Abstract: The “crisis exaggerators” are telling us that current economic conditions amount to an “unprecedented” global economic recession. This is historically incorrect. What is unprecedented is the degree to which economic commentators and political leaders are talking up economic downturn. What is their agenda? Could it be an attempt to prepare the way for an “unprecedented” degree of government intervention in the economy? The “new interventionists” – some of whom, like Kevin Rudd, are now calling themselves “social democrats” – have attacked neoliberalism – the prevailing philosophy of Western governments over the past three decades – for failing to provide the direction and regulation needed to prevent the emergence of global financial crisis. But this misses the real point. Neoliberal governments have in fact been dangerously interventionist. Owing to the inflation-targeting policies they have championed, the dynamic mechanism of modern society has been disrupted, economic growth has slowed dramatically, and unemployment has risen – just as I warned in The Global Crisis Makers in 2000. The new global crisis makers are these new interventionists, who, ironically, not only accept neoliberal policies of inflation targeting but also intend to launch massive Keynesian and climate-mitigation programmes of intervention that will throw our strategic life-system into a downward spiral from which we will recover only with great difficulty and cost. Modern governments have lost the age-old art of strategic leadership, which once facilitated the effective operation of humanity’s dynamic life-system.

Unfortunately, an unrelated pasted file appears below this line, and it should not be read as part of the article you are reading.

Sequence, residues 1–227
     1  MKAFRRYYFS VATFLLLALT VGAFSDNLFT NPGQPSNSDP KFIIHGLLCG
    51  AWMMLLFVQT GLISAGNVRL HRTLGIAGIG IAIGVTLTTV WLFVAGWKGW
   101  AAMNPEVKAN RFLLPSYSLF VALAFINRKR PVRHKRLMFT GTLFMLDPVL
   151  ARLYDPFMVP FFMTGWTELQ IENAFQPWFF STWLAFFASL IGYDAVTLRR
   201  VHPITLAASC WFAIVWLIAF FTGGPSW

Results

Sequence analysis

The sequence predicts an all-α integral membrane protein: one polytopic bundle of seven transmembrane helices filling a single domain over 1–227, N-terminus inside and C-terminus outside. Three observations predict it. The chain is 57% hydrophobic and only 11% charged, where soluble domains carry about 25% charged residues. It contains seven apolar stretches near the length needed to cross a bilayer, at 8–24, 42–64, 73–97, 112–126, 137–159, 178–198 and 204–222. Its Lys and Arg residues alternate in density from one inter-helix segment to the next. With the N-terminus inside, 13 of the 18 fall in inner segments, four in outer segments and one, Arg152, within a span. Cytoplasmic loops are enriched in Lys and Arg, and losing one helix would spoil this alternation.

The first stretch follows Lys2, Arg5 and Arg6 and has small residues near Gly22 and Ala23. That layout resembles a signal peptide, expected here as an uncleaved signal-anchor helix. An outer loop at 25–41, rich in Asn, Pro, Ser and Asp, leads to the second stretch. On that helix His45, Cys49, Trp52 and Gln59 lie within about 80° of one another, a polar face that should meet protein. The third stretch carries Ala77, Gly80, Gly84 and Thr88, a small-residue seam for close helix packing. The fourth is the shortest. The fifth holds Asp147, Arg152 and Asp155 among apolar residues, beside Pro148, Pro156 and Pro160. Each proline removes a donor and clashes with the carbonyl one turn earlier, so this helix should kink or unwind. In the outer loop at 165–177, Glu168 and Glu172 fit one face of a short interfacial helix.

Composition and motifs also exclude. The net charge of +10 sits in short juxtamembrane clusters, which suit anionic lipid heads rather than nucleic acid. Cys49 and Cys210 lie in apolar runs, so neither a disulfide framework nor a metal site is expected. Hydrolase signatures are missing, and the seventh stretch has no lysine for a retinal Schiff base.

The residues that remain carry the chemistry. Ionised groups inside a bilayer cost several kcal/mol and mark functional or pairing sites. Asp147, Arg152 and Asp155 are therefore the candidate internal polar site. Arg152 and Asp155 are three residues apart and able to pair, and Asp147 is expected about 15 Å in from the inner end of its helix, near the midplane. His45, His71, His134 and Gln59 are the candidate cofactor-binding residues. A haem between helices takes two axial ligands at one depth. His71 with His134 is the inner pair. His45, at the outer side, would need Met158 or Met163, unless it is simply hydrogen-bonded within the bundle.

Keywords: global crisis, neoliberalism, social democracy, strategic leadership, economic intervention
    JEL: O11 O47 O56 E31 E32 E42 E50 E60
    Date: 2009–02
  13. By: Erik Monsen (Max Planck Institute of Economics, Jena, Germany); Diemo Urbig (Max Planck Institute of Economics, Jena, Germany)
    Abstract: Based on the aggregated insights of the existing theories related to multiple sources of efficacy and locus of control, we introduce the theory of mixed control, a model of compound-risk perception. This theory considers outcome expectancies as being composed of expectancies regarding three distinct sources of risk (self, others, and chance). This reflects that entrepreneurship is a complex and dynamic activity, involving multiple sources of risk. Beliefs about the efficacy of these elements are weighted by the degree to which these elements are perceived to control the outcome. The interaction of efficacy and control beliefs is therefore at the core of our theory. Further, we discuss that risks are not only subjectively perceived but can be endogenous and depend on future decisions and actions of the entrepreneur.
    Keywords: locus of control, self-efficacy, risk perception
    JEL: D8 D83 D84
    Date: 2009–03–04
  14. By: Gollier, Christian
    Abstract: In this paper, we elaborate on an idea initially developed by Weitzman (1998) that justifies taking the lowest possible discount rate for far-distant future cash flows. His argument relies on the arbitrary assumption that when the future rate of return of capital (RRC) is uncertain, one should invest in any project with a positive expected net present value. We examine an economy with a risk-averse representative agent facing an uncertain evolution of the RRC. In this context, we characterize the socially efficient stochastic consumption path, which allows us in turn to use the Ramsey rule to characterize the term structure of socially efficient discount rates. We show that Weitzman’s claim is qualitatively correct if shocks on the RRC are persistent. On the contrary, in the absence of any serial correlation in the RRC, the term structure of discount rates should be flat.
    Keywords: Discount rate, term structure, certainty equivalent rate, Ramsey rule, sustainable development
    JEL: E43 G12 Q51
    Date: 2009
  15. By: Migheli, Matteo